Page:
“First, we can walk to the upper viewing platform of the falls, then to the lower one and then we can even hike further along the river!” I declare while waving my phone wildly in the air with the offline map showing. My boyfriend had just parked carefully on a thick patch of ice.
Something that should have alerted me.
But it did not because I tend to walk straight forward into trouble when I am traveling.
As we try to start hiking from the parking lot, we realize that we cannot really find the trail. “But it is supposed to be right here,” I say, pointing at the dotted line on my phone. But the real-life path to Iceland’s Dettifoss Waterfalls is covered under a humongous layer of snow and ice and is pretty much invisible. Nevertheless, we decide to follow some other crazy hikers and make our way to the falls anyway. After only a few feet we realize that the other crazy hikers are wearing crampons. We are not. Well, if walking into trouble, then walk like a noob.
This is the third and last part of my travel report about our road trip through Iceland while we follow the Ring Road in the northern part of the island. Find out how we successfully got to the bottom of an icy hill without proper footwear, where we spotted old guys with bald heads swimming in the Arctic Ocean, how we camped out in a trailer on a sheep farm and where a humpback whale waved at us.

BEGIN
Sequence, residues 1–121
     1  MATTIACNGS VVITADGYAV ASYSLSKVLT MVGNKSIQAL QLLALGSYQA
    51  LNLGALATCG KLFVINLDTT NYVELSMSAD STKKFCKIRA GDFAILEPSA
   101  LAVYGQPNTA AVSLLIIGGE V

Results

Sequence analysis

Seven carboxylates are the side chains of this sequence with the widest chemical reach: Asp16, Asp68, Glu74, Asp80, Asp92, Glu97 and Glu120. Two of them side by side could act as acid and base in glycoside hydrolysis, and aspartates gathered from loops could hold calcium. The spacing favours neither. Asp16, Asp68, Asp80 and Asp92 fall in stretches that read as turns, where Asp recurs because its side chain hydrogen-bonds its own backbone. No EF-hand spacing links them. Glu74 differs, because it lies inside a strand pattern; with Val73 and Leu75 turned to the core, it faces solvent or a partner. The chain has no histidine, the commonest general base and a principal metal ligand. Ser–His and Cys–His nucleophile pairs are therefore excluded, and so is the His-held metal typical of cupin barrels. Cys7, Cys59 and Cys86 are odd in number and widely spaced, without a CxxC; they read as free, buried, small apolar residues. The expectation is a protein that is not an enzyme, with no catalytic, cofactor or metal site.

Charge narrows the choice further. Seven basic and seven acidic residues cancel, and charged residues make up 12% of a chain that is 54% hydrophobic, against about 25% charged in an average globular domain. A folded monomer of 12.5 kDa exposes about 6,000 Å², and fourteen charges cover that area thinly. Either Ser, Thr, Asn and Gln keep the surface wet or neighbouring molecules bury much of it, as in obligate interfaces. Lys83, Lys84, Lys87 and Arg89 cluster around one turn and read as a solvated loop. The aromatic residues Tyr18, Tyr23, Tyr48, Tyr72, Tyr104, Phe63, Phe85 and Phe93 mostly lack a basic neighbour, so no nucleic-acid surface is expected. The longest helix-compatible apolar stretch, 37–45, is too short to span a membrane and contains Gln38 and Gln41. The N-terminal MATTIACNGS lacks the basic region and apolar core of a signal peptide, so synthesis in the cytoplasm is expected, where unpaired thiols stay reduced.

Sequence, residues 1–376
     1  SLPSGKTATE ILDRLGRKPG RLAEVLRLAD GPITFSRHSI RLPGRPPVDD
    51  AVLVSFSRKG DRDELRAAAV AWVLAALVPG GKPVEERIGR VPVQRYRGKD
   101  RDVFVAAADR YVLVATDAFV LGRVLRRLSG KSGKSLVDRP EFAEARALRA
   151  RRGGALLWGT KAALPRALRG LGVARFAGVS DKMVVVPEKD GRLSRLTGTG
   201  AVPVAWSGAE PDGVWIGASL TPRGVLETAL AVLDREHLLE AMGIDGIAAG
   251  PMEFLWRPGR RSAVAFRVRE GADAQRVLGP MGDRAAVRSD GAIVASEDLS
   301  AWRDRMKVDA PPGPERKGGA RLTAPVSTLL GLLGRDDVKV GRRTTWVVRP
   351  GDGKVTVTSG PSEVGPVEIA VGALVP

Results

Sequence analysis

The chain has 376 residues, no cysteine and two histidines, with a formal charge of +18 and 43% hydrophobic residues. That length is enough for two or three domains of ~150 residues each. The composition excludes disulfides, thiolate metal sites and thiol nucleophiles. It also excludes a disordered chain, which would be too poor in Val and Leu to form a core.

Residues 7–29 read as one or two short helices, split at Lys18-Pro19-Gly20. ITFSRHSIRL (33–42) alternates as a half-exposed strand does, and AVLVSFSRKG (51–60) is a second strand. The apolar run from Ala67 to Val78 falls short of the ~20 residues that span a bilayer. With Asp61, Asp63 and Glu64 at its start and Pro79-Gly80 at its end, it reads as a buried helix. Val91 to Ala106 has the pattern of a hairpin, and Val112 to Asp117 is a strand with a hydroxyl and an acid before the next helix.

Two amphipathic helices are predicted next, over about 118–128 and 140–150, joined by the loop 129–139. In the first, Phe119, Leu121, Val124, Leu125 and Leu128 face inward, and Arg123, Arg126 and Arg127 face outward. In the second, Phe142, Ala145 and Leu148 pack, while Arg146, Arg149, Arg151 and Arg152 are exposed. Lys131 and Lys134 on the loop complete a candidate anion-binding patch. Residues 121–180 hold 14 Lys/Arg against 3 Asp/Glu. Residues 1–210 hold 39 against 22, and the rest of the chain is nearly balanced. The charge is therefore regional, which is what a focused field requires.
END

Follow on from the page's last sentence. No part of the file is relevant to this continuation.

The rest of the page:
I stare nervously at my winter boots with their slippery bottoms. Then I glance down the slick, ice-covered hill. Then I glance over to the young couple that just stomped past us with crampons attached to their shoes, confidently approaching the Dettfoss Falls as if they were on a Sunday afternoon stroll.
This is Iceland’s north at the end of March. Icy. Much different from the green (but also rainy) southern portion of the country we traveled during the first week of our trip. Although neither our hike nor our gear looks especially promising for this trail, there is no way we will simply turn around and go back to the car!
I sit down.
“What are you thinking about?” asks my boyfriend.
“I just stopped thinking,” I reply. “I am simply going to slide the hill down. On my butt.”
Of course, there is the possibility that I look as funny as those penguins who lay down on their bellies and slide through the snow. But who cares? It works! My boyfriend is excited and follows me in the same manner. While we slide down, I hear a woman say: “Look at that, what a great idea!”
Cool beans, we have set an example! Not half-hearted but with all our butts.
The rest of the “trail” is almost not worth mentioning. But the view at the end is. Dettifoss Falls is the second most powerful waterfall in Europe, right after the Rhine Fall in Switzerland. It is 330 feet wide and 130 feet tall. 51,000 gallons of water thunder down into a rocky gorge. Every second. The mist coming up from this powerful downpour added the cold temperatures creates a glossy, thick layer of ice around every single blade of grass around the viewing platform. Ghostly! Like porcelain!
And for the insatiably curious: Surprise! You cannot slide back up a hill. But now there is a silly video of me, creeping up on my hands and knees…okay, let’s move on.